Yet already the next horror visited on mankind was making an appearance. Medical officers for all the belligerents noted outbreaks of influenza among their troops. In the U.S. Army in France, Lieut. Samuel Bradbury (the author’s grandfather), noted an outbreak of flu in May and July 1918 and commented on the “explosive nature of the epidemic” [The American Journal of the Medical Sciences, Vol. 156, 1918]. The October 19, 1918, SA Supplement carried a report from the July meeting of the Munich Medical Union noting the hallmark of the pandemic now being called “Spanish Influenza”: “persons under 30 years of age mainly fall victims to the disease.” By the end of 1919, 50 million people had died of the malady, a tragedy overshadowing the loss of military and civilian lives in the war. [The figure of 50 million comes from Jeffery K. Taubenberger (who has also written for Scientific American on influenza) and David M. Morens in Emerging Infection Diseases, January 2006.]
Why does First World War I still haunt us? Perhaps because the moral ambiguity of the conflagration keeps us from the certainty of an answer to the question “Whose fault was it?” and “Was it worth it?” U.S. President Woodrow Wilson famously said that it was a “war to end all wars.” The Victory Medal handed out to British, American and other Allied troops has, cast in bronze (or rather stamped) the phrase: “The Great War for Civilization.” Yet not only does the war seem to have been none of the above, another awful irony is that the children of that war went on to fight and die in larger numbers in the Second World War 20 years later.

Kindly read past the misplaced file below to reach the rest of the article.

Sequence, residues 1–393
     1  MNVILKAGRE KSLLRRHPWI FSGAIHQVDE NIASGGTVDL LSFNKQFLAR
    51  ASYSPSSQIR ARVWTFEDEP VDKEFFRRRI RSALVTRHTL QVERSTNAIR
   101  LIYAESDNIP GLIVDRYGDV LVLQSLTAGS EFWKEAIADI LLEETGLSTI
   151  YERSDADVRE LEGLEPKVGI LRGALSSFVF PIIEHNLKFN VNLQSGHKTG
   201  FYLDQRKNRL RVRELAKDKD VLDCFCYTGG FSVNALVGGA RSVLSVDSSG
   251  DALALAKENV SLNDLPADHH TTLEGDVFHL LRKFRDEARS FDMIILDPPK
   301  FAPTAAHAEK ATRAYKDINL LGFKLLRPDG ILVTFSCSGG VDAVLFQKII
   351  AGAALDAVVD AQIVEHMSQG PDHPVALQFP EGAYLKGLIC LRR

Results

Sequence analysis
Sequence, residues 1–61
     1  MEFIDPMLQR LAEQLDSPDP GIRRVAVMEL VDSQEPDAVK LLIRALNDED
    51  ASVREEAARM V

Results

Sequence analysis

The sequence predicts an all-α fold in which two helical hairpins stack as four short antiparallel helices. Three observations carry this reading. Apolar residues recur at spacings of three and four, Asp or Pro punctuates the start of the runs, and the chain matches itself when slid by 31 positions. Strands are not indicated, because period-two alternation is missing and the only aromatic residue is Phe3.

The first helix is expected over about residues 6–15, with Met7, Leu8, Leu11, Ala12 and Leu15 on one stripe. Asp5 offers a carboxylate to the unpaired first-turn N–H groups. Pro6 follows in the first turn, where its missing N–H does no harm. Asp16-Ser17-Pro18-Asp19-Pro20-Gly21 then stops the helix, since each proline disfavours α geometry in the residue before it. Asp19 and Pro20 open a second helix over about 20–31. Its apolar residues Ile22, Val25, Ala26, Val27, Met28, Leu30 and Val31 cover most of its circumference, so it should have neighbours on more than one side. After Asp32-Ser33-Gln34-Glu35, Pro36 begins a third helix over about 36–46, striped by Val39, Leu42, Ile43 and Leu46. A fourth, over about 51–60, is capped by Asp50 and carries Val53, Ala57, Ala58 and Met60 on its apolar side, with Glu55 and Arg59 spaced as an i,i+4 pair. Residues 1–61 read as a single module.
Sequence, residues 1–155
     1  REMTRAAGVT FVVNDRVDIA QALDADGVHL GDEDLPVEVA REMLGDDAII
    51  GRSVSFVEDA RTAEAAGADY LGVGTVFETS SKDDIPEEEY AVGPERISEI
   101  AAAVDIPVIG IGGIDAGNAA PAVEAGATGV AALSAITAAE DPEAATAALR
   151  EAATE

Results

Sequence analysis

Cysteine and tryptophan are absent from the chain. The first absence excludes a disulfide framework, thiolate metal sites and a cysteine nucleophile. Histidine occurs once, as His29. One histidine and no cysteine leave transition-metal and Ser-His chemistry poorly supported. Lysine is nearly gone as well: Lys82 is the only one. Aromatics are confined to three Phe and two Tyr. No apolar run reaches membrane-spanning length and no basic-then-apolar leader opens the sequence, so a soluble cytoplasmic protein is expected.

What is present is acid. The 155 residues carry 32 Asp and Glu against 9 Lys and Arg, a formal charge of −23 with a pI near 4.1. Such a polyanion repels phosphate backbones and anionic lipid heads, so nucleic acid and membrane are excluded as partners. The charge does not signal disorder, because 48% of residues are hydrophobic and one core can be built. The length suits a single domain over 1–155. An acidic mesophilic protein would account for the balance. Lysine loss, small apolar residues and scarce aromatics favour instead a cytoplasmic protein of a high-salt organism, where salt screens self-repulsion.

The last surviving veteran of World War I, Florence Green of England, who served on an air base in the Women’s Royal Air Force, died in 2012. Is it time to put the past behind us? Not yet: the war was one of the most significant human-caused events, and the world today looks the way it does because of the Great War. Continued study of every aspect of the puzzle of that calamity can help us unravel the complexity of human society.